Directed by Barry Levinson
Written by Ronald Bass and Barry Morrow, based on his story.
Tiny Baby Tom Cruise stars in a movie where he plays an 80s capitalist narcissist, the same character template as good old Patrick Bateman. But the twist in this movie is that he has a secret brother who has a mental disability, played by the genius Dustin Hoffman, it turns out that the twist actually makes a huge difference to the angry white business guy template. I like that.
I’ve never seen the movie start to finish before, I’m most familiar with the character of Ray from the animaniacs sketch Rita and Runt, where the big dog spoke just like Ray. Lots of ‘definitely, definitely’ and so on. I must have seen little bits of it at some stage but all I really knew about it was that he goes to Vegas and uses his savant brother to cheat at cards and get money.
There’s some really beautiful shots as they cross the country. Especially the sunset over the desert… I’ve always liked the idea of a road trip across America and this movie isn’t helping with that desire. It was interesting watching with Anna who was in Vegas a few months previous and was able to tell me just how much the city has changed since ’88.
Does it make me love the people? I dunno, you’re kind of watching the slow humanisation of Charlie, but he’s so awful to Ray it’s hard to feel much for him. I love Ray, he’s very cute and endearing which I’m sure is the point of the entire movie. Actually yeah, once he realises that Ray was his Rain Man imaginary friend, and Ray tells him the story of how the hot water hurt the baby I loved both of them. I also love the sequence after they win big in Vegas when he teaches Ray how to dance.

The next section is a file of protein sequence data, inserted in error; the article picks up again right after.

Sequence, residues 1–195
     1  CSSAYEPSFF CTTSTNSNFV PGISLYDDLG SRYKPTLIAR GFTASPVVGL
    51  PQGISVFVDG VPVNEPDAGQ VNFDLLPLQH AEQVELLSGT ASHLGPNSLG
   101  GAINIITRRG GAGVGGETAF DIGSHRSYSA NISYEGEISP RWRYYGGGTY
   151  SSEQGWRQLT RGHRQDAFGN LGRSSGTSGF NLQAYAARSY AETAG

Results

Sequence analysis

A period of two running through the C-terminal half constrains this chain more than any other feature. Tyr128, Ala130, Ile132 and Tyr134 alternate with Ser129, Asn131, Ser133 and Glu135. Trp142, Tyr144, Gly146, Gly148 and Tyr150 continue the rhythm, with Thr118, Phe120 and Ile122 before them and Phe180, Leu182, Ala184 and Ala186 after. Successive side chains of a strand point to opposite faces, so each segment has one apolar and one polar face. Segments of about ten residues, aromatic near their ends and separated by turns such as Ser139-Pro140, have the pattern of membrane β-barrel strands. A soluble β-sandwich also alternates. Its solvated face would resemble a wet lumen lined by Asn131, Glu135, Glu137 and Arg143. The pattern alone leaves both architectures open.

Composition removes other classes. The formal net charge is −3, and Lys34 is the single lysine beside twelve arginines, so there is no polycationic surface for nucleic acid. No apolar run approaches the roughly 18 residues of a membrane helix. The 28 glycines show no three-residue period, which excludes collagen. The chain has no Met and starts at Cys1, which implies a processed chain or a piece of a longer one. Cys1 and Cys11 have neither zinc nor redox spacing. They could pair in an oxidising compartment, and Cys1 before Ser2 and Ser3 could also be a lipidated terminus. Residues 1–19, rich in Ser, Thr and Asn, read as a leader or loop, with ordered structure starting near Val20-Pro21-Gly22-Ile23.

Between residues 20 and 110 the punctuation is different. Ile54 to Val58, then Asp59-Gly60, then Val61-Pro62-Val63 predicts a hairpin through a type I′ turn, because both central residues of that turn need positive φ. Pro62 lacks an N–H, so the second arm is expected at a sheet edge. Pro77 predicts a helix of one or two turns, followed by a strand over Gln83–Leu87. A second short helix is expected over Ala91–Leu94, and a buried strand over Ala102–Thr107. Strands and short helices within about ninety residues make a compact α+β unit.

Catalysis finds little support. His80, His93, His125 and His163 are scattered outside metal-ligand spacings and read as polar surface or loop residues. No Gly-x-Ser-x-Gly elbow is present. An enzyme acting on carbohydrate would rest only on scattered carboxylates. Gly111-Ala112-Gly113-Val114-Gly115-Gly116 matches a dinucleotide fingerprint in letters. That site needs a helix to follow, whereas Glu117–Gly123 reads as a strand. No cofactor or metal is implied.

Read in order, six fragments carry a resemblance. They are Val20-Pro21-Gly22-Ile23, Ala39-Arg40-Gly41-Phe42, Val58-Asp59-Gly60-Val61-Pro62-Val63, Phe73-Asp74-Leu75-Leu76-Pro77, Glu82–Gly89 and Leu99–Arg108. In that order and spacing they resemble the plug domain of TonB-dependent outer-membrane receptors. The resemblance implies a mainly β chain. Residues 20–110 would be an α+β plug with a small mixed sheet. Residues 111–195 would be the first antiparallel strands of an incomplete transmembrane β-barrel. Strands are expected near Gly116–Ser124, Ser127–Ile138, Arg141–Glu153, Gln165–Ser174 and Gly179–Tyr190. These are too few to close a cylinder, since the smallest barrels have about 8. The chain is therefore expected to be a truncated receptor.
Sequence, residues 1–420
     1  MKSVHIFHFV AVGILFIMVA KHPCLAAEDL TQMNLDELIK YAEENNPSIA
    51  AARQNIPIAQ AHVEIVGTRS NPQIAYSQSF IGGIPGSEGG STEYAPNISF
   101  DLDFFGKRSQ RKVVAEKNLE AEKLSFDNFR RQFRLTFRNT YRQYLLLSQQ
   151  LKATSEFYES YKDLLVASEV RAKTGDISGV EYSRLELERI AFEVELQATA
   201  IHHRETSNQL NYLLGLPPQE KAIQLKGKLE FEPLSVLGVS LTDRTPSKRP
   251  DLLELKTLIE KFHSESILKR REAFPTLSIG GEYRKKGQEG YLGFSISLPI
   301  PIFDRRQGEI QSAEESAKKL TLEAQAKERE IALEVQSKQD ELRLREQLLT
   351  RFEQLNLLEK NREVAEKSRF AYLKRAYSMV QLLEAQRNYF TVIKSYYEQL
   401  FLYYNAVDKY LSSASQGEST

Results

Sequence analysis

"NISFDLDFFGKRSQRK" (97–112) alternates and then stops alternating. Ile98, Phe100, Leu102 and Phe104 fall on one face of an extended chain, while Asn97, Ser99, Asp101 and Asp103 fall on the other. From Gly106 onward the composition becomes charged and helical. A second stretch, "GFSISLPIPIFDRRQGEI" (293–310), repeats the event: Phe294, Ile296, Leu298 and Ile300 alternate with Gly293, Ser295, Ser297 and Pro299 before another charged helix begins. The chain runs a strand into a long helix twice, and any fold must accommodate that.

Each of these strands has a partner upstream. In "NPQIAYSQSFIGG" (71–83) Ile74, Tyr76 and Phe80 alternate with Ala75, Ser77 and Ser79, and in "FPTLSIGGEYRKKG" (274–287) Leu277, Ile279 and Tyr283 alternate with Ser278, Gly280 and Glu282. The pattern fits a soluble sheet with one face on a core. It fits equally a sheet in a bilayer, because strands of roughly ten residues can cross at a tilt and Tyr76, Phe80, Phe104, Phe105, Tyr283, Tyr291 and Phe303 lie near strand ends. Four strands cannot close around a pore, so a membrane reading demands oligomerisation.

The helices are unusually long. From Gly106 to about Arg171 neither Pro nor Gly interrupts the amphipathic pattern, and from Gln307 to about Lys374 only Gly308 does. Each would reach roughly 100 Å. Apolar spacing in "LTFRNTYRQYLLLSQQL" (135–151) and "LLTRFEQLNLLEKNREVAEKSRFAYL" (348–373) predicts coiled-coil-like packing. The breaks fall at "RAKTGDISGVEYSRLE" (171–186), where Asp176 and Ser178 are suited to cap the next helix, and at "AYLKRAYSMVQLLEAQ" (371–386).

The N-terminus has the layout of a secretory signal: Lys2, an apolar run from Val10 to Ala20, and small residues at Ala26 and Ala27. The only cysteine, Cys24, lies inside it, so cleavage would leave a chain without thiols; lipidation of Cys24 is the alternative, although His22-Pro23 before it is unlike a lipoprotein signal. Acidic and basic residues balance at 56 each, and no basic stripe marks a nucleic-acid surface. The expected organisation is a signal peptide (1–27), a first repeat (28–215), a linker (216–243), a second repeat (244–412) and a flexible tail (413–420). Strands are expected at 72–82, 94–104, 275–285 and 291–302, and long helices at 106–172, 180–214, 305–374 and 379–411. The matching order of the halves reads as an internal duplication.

Movies like this are, I think, pretty important in the way that they bring different kinds of people into the foreground and demonstrate their humanity. That said, I’m not in a position to say if this movie is a fair or balanced portrayal of someone with autism. At least it pushes it into the limelight and promotes understanding – Charlie switches from wanting to ‘cure’ Ray to genuinely trying to do what’s best for Ray and what would make Ray happy.
Bechdel test: Not so as you would notice. Susanna is probably the only named woman and she gets left behind for much of the movie. It does please me that she is also the lead love interest in Hot Shots, opposite Charlie Sheen pretending to be Tom Cruise.
Probably when Ray’s making the humming honking noise that he can hear Susanna making love with Charlie, that was very funny, but for feels…
Charlie: When did you leave?
Raymond: January 12, 1965. Very snowy that day. 7.2 inches of snow that day.
Charlie: Just after Mom died.
Raymond: Yeah Mom died January 5, 1965.
Charlie: You remember that day. Was I there? Where was I?
Raymond: You were in the window. You waved to me, “Bye bye Rain Man”, “Bye bye.”
State of Mind: I enjoyed it. It’s maybe in need of editing, I think it’s longer than it has to be but at the same time it’s relatively fine to watch – doesn’t drag, I just got really sleepy. I really hated the ending, I was crying and crying. Anna said it was okay because they were going to see each other in two weeks or whatever, but I really wanted Ray to stay with Charlie and have a happy life outside the institution.